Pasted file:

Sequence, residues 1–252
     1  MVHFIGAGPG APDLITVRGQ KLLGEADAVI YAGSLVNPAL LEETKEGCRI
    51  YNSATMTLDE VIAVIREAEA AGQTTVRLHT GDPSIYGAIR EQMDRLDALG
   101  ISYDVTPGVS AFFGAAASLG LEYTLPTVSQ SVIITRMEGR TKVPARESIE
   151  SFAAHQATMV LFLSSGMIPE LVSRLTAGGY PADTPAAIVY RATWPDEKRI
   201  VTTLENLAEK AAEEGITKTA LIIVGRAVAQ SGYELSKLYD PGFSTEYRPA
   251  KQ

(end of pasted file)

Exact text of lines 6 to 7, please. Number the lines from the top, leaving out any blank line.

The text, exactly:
   201  VTTLENLAEK AAEEGITKTA LIIVGRAVAQ SGYELSKLYD PGFSTEYRPA
   251  KQ